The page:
Macbeth - Shakespeare Resource Center

Macbeth, Thane of Glamis, is one of King Duncan’s greatest war
captains. Upon returning from a battle, Macbeth and Banquo encounter three witches. A prophecy is given to them: Macbeth is
hailed as Thane of Glamis, Thane of Cawdor, and King; Banquo
is hailed as the father of kings to come. With that, the witches
evaporate into the mists. Both men nervously laugh off the prophecies until Duncan informs Macbeth that he is to assume the traitor
Cawdor’s title as a reward for his service to the king. When Lady
Macbeth is informed of the events, she determines to push her husband’s resolve in the matter—she wants him to take his fate into
his own hands and make himself king. If Duncan happens to be
inconveniently in the way....
Macbeth at first is reluctant to do harm to Duncan. However, when
Duncan makes arrangements to visit the castle, the opportunity
presents itself too boldly to ignore. Pressed on by his wife, they plot
Duncan’s death. Lady Macbeth gets Duncan’s attendants drunk;
Macbeth will slip in with his dagger, kill the king, and plant the
dagger on the drunken guards. Macbeth, in a quiet moment alone,
imagines he sees a bloody dagger appear in the air; upon hearing
the tolling bells, he sets to work. Immediately Macbeth feels the
guilt and shame of his act, as does Lady Macbeth, who nonetheless finds the inner strength to return to Duncan’s chamber to plant
the dagger on the attendants when Macbeth refuses to go back in
there. When the body is discovered, Macbeth immediately slays
the attendants—he says out of rage and grief—in order to silence
them. Malcolm and Donalbain, Duncan’s sons, both flee Scotland
(fearful for their own lives). To everyone else, it appears that the
sons have been the chief conspirators, and Macbeth is crowned
King of Scotland, thus fulfilling the witches’ prophecy. Banquo,
however, has suspicions of his own based on their encounter with
the witches.
Macbeth is given another prophecy by the witches as he prepares
for Malcolm’s assault. His throne is safe until Birnam Wood comes
to Dunsinane, and he will not die by the hand of any man born of
a woman. Macbeth feels confident in his chances for victory at
this pronouncement. Lady Macbeth, on the other hand, has been
slowly driven mad by her dreams in the wake of killing Duncan.
She sleepwalks, wringing her hands together, and inadvertently reveals her part in the murder. As the English armies approach, Macbeth learns that many of his lords are deserting him, and that Lady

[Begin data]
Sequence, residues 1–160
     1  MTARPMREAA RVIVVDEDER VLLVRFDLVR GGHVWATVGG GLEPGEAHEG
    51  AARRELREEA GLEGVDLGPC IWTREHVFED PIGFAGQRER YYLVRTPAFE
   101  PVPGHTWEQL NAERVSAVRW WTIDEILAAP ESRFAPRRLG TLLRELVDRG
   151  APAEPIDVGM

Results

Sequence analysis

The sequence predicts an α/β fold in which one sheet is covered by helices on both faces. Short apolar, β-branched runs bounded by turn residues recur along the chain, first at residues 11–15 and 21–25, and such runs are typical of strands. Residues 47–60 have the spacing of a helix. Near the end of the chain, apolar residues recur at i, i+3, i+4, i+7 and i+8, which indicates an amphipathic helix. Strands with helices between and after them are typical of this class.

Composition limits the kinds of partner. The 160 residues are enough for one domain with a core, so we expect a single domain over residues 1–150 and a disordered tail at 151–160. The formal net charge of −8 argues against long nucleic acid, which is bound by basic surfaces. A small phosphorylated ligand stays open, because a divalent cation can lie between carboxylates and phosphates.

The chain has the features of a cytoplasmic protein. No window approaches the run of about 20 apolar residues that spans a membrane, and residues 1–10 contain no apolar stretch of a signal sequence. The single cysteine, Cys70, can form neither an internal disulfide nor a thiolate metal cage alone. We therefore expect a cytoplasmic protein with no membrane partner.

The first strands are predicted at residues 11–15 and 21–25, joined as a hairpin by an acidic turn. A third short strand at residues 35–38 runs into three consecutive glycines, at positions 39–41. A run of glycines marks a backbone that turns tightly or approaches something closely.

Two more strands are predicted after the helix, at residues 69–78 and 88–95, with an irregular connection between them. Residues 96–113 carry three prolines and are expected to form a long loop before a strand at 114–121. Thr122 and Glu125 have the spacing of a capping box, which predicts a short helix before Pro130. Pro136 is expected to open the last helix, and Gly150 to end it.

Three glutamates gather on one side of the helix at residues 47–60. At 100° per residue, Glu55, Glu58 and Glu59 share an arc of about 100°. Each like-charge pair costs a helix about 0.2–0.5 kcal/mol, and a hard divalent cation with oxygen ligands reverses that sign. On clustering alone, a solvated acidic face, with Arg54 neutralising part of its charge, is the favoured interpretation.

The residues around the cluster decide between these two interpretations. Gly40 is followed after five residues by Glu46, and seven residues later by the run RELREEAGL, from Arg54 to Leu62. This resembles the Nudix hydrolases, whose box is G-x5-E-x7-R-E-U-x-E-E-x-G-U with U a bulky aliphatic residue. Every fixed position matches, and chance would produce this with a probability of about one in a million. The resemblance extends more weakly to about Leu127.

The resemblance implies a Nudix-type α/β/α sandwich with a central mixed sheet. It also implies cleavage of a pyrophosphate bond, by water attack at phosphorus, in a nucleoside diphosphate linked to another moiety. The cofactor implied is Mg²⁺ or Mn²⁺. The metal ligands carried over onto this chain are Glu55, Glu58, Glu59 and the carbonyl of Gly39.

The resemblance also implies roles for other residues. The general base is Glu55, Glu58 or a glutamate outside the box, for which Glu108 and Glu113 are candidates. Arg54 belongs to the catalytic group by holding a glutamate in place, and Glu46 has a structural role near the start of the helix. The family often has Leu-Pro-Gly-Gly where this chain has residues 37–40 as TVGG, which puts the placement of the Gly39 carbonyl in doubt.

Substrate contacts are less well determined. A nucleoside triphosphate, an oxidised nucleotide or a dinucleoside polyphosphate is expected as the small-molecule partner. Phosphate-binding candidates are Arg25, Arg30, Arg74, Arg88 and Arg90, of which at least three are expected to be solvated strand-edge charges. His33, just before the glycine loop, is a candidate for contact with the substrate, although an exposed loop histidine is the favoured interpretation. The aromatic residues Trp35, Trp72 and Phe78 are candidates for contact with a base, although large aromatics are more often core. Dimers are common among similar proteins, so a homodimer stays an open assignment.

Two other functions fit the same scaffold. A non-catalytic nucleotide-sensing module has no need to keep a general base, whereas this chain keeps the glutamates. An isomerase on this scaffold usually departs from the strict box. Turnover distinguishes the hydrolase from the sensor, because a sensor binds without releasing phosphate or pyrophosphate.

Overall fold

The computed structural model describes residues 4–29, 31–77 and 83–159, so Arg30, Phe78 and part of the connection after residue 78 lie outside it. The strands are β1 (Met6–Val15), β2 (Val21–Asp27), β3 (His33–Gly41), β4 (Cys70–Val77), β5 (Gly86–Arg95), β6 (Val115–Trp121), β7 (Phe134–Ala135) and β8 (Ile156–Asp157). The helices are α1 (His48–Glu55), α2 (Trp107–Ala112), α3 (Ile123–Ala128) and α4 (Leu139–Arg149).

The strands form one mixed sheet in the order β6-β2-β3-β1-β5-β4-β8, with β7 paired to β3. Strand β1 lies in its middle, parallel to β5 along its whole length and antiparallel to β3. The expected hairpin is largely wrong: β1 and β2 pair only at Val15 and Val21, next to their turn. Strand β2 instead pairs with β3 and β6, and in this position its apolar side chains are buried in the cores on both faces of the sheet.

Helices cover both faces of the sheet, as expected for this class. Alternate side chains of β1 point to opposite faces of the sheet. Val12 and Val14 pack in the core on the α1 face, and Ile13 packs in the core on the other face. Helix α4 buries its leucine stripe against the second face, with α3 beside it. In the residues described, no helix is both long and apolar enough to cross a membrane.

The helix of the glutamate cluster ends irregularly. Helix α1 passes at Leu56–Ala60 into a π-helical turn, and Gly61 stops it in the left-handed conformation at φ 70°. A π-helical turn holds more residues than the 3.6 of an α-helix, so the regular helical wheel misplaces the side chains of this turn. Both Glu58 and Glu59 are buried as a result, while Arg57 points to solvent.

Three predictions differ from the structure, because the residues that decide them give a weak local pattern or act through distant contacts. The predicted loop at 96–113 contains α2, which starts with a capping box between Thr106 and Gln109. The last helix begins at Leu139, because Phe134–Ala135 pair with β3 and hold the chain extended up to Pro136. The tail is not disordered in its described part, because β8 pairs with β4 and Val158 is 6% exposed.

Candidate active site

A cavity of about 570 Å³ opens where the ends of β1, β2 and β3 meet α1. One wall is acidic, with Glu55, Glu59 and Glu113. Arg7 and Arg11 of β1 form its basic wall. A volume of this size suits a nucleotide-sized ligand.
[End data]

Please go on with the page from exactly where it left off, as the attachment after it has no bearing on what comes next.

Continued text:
Macbeth has died. On top of this, a messenger brings news that
Malcolm’s army is approaching under the cover of boughs, which
they have cut from the trees of Birnam Wood. Resigned now to his
fate, Macbeth grimly sets to battle.
None, however, can bring Macbeth down. Finally, Macduff meets
him on the field of battle. Macbeth laughs hollowly, telling him
of the witches’ prophecy: no man born of a woman may slay him.
As Macduff retorts, he was “from my mother’s womb untimely
ripp’d,” meaning he was delivered by a Caesarian section (and
hence, not technically born of a woman). Grimly, Macbeth presses
on. The play ends with the death of Macbeth; Macduff greets the
others bearing Macbeth’s head. Malcolm is crowned King of Scotland, restoring his father’s bloodline to the throne.
Macbeth knows of Banquo’s suspicions and the reasons for them;
he is also wary of the second prophecy concerning Banquo’s offspring. As he prepares for a celebratory banquet on his coronation, Macbeth hires assassins to get rid of Banquo and Fleance,
his son. Banquo is murdered that night, but Fleance escapes into
the darkness. As Macbeth sits down to the feast, the bloody ghost
of Banquo silently torments him, which causes him great despair.
Meanwhile, Macduff has fled to England because he too suspects
Macbeth of foul play. Macbeth, once a man of greatness, transforms into a man whose conscience has fled him. Upon learning
of Macduff’s flight, Macbeth exacts revenge by having Macduff’s
entire household butchered. Macduff grieves, but joins up with
Malcolm in England to raise an army against Macbeth.
Material copyright © 2011 the Shakespeare Resource Center ( All rights reserved.
Macbeth (cont’d)
Dramatis Personae
Duncan, King of Scotland
Malcom, Duncan’s son
Donalbain, Duncan’s son
Macbeth, a general
Banquo, a general
Macduff, a noble
Lennox, a noble
Ross, a noble
Menteith, a noble
Angus, a noble
Caithness, a noble
Fleance, son of Banquo
Siward, Earl of Northumberland
Young Siward, his son
Seyton, officer to Macbeth
Lady Macbeth
Lady Macduff
Hecate and Three Witches
Boy, son to Macduff
English Doctor
Scottish Doctor
A Sergeant
A Porter
An Old Man
Gentlewoman to Lady Macbeth
Lords, Gentlemen
Officers, Soldiers, Messengers and Attendants
Banquo’s Ghost, Apparitions
Material copyright © 2011 the Shakespeare Resource Center ( All rights reserved.